Being prepared

When I was a child learning to ride, I was frequently told, “don’t get on a horse unless you’re prepared to fall off”. Every establishment I’ve ever ridden at has displayed a disclaimer, openly stating that riding is a risk sport and anyone participating does so with an understanding of this. I’m sure documentation that parents sign prior to sending their child to my current workplace also contains such statements, but we don’t really talk to the kids we teach about falling off, which I find unusual.

Most of them are new to horses and riding. The first-timers can be anything from seven years old to 17, but even the older ones generally don’t seem to consider that they might dismount in a manner which is neither intentional nor graceful. Fortunately – touch wood – given the volume of campers we handle, I don’t think we have that many falls. Our lessons are highly controlled and supervised with enormous scrutiny – never in my experience of riding at a huge number of riding schools in the UK have I seen a class taught by more than one instructor at a time; here, most of my “main” classes are co-taught by myself and two other instructors. Those are the classes where we have 20 students and five horses, ensuring each child rides for a period of time within the hour, but we never have more than five children mounted up at any given moment.

Whilst, as a rider, I am well aware that I can and will still fall off in my riding career, and I find it alien that anyone will get on a horse without preparing themselves for the possibility that they may fall off, I had made a similar mistake as an instructor: I hadn’t thought about what it’d be like to watch one of my students fall off.

Last summer, I got quite upset with one of my co-instructors. I can’t recall the exact nature of the incident, but every instructor I’ve ever ridden with would’ve taken one look at this particular girl and said, “she needs a fall”. Instructors will understand me – some students are completely ignorant of their mortality and their influence over themselves and their horse, they need a gentle reminder to sharpen up, because our warnings are not enough. The girl began to slide out of the saddle one day, and my colleague ran over and shoved her back on. We’d avoided one incident, but our student had only learned that someone would always bail her out.

This year, I’ve witnessed a couple of falls in quick succession in one of my classes. The riders weren’t at fault – though it was the same horse both times, who spooked at something genuinely unexpected. Falls are a big deal at camp: the campers are generally arty rather than sporty and, as I previously mentioned, inexperienced in the falling off a horse game. They’ve not been doing it since the age of four. They haven’t been bucked off their sister’s pony in a show jumping ring and had their instructor loom over them screaming that they’re eliminated but they must get back on, winded, and clear another fence (that one might still rankle… though with hindsight, it absolutely made me a better rider). They haven’t heard the phrase, “if you’re not going to hospital, you’re getting back on”. What to many instructors and horsepeople is a minor tumble to be quickly dusted and laughed off before hopping back on is a serious incident requiring the assistance of two golf buggies here.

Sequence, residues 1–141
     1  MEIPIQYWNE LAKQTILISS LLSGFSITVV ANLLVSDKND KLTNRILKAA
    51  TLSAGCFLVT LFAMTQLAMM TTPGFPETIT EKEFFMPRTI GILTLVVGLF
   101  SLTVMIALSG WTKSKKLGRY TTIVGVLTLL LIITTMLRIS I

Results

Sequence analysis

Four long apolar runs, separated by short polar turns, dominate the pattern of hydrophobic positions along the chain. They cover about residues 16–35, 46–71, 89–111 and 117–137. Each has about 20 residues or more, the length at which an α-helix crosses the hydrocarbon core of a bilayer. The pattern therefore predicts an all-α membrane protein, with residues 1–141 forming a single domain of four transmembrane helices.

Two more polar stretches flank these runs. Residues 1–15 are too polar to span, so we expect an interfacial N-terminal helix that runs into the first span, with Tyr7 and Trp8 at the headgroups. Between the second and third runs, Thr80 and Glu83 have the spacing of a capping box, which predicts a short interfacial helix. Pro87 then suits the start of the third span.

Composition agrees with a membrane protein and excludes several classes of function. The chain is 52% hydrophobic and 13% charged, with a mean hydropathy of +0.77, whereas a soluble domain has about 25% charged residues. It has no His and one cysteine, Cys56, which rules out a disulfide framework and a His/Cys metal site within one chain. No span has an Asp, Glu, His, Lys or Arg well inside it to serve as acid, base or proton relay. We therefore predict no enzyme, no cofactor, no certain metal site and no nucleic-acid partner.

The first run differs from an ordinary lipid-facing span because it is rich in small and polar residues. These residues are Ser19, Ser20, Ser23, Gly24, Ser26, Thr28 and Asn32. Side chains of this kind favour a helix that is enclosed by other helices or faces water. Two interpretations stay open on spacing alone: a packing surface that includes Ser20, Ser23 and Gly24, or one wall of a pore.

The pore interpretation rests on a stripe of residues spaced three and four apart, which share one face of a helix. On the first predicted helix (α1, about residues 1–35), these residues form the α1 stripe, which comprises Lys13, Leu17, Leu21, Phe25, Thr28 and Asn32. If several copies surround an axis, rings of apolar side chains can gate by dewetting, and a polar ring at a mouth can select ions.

There’s a culture clash here which I may never find somewhere else. My usual reaction is to treat a fall with a calm attitude: comfort the faller, check them and the horse, cheer them up and aim to boost them back on as soon as possible. But I can’t do that here, and it throws me off. It’s made me realise that the idea of putting someone back on quickly doesn’t just benefit them and the horse, but also the person watching. It’s reassurance that nothing they’d previously enjoyed has been ruined. It’s release of responsibility, proof that you’re probably not being blamed for the situation, that you’re still trusted by your student. And it’s your chance to take back the reins as the instructor and continue your relationship with the rider, not losing your own confidence.

Riders – whether you’re new or not, you will fall off. Be ready. Accept it when it happens. Chalk it up as an experience and next time, please listen to your instructor. As much as they’re repeating, “shorten your reins” or “sit up” or “heels down” for your benefit, they are also doing it for their own good. You’ll bear the bruise, but they have to watch. Most of the time, we wish we could take it for you. Sometimes, we know you need to do it.


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